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A False Freedom: Documentary Filmmakers Challenge 'Europe's Last Dictatorship'
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A False Freedom: Documentary Filmmakers Challenge 'Europe's Last Dictatorship'

Picture of Marcus Clark
Updated: 5 January 2017
Since 1994 Belarus has been ruled by Alexander Lukashenko, in what is described as, ‘Europe’s last dictatorship’. This repressive regime has restricted freedom of expression and inflicts harsh penalties on dissidents. Marcus Clark explores the work of several filmmakers who have utilised their medium to speak out against the regime and document the suffering of the Belarusian people.

Alexander Lukashenko has been successively elected to the presidency of Belarus four times since the creation of the supposedly democratic republic in 1991. The most recent election in 2010 saw him win 80% of the vote with his closest rival, Adrei Sannikov receiving a fractional 3%. Lukashenko’s government maintains a repressive Soviet style regime which has been labelled one of the remaining ‘outposts of tyranny’. His governing party utilises terror, oppression, and fear in a system built upon farcical foundations. The country’s film industry is therefore almost non-existent with strict state control severely restricting creativity. Despite this, a number of politically active documentary filmmakers have managed to bring their damning critiques to the screen, and in the process depict striking revelations of a society under political duress.

Victor Dashuk is one such Belarusian native who has filmed an eye opening trio of documentaries. Taken together they reveal the ruthlessness of the Lukashenko regime and its psychological effects on the society it subjugates. It is the latter two of his rebellious trilogy: Long Knives Night (1999) and Reporting from the Rabbit Hutch (2002), that particularly resonate with the situation of the country.

Long Knives Night opens with a young Belarusian male remorselessly ripping a holy cross from the earth of a graveyard in the dead of night. His motivation becomes horrifyingly clear when a dog is lashed to the sacred image whilst a band of half-naked youths in demonic makeup perform a nightmarish pagan ritual. The perverse scene acts as an introduction to a wider allegory of the crisis of identity in Belarus. Is the act an affirmation that life has become diseased to the point it is based on nihilism? Or is it Dashuk’s own comment upon the willingness and passivity of Belarusian society to settle for its own dark lord? Reporting from the Rabbit Hutch is more singular in its motives. Made three years later, the documentary appears to be a response to the country’s awakening political consciousness. The film focuses on demonstrations and rallies in a country where any sort of protest carries heavy consequences. The second part of the documentary sees Dashuk conduct a dangerous investigation into the disappearance of those brave enough to speak out.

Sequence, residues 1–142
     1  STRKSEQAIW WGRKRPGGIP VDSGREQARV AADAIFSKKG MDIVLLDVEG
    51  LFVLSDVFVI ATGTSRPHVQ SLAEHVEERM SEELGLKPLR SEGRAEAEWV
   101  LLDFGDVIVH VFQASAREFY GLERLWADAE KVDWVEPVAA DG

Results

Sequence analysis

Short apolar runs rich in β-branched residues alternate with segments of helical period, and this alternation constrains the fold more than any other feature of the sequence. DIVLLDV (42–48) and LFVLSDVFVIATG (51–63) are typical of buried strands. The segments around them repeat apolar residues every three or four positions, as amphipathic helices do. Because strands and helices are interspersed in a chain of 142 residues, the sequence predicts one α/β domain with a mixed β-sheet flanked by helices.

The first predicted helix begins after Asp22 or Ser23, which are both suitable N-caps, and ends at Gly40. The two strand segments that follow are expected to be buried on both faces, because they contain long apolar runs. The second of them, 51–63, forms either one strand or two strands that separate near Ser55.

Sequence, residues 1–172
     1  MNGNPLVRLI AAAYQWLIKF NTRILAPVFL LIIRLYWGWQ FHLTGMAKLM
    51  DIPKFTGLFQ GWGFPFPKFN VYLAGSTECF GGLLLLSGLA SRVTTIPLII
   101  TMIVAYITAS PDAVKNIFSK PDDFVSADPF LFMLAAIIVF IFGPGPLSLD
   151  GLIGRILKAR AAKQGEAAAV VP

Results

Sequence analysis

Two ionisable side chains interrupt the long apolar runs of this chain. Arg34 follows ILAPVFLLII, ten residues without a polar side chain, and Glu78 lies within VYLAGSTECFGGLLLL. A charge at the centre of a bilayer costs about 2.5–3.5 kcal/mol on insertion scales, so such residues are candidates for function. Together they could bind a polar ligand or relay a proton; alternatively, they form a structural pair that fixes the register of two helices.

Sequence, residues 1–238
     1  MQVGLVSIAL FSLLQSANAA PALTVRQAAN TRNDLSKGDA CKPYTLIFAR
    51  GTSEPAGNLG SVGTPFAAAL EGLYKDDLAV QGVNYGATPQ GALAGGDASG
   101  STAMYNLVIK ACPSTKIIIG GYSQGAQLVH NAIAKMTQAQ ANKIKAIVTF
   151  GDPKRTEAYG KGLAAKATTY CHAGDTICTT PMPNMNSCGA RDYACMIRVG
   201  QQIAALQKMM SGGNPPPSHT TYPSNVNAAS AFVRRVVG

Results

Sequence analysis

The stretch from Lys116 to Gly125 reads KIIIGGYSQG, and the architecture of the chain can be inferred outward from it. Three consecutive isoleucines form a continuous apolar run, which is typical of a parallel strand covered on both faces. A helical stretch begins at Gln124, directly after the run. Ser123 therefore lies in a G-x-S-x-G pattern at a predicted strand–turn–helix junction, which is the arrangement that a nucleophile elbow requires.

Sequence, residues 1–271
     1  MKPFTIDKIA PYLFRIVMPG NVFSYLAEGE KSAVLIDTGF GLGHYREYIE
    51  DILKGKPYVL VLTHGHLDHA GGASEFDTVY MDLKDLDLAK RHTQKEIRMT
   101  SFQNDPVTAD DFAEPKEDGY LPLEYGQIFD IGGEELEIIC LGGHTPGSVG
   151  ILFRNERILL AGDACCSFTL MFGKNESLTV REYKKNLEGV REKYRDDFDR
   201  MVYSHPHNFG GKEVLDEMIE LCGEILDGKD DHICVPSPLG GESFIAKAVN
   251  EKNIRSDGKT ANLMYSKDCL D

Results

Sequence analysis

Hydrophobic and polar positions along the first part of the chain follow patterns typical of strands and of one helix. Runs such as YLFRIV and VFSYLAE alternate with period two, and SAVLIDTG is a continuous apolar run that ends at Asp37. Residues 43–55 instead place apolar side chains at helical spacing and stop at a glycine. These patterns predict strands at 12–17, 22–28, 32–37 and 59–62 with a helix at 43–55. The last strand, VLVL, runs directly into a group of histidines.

At times Dashuk’s reportage is agonisingly painful to watch, protesters are beaten bloody by police forces whilst others are dragged from the streets by a KGB style goon squad. The shaky handheld camera footage only adds to the authenticity of Dashuk’s work. There are no frills or tricks. Reporting from the Rabbit Hutch is a powerful journalistic endeavour. There is also no doubt that Dashuk puts himself at considerable risk through his bare bones modus operandi. The films themselves are not allowed to be shown or distributed in Belarus and the director has come under unsubtle state surveillance and harassment. Fellow activist Yury Khashchavatski made a similar critique towards the government in his 1996 documentary The Usual President. He subsequently had both of his legs broken by unidentified attackers.

Native Belarusian filmmakers are not the only ones attempting to bring the issue to a wider audience. Outside interest in documenting the hopeless state of Belarus has come in the form of Europe’s Last Dictator. Directed by Mathew Charles and Juan Luis Passarelli, the film premiered in London on March 1st 2012. The documentary is a thorough look at the vicious crackdown that followed the rigging of the 2010 presidential election. These film events are portrayed through the eyes of Eva Nyaklyaeu, the daughter of one of the opposing candidates, and Irina Bogdanova, the founder of Free Belarus Now and sister to Lukashenko’s closest rival Andrei Sannikov. Their campaign to free their family and other opposition members arrested after the election is a truly personal and inspiring journey.

The footage of the crackdown is both shocking and horrifying. Riot police crash their shields together in clattering unison to create an ominous cacophony of terror. The images are alarmingly similar to Dashuk’s offering in 2002 and spontaneous surges of violence caught on film indicate that little has changed.

Belarus is still under the unyielding power of Lukashenko. These films and their makers seek to highlight the plight of those without the means to do so. Whilst international pressure has been exerted upon the regime these glowing examples of undercover journalism aim to show that not enough is being done. They endeavour to provide documentation of the country’s living history and in doing so champion the rights of the oppressed and disenfranchised Belarusian people.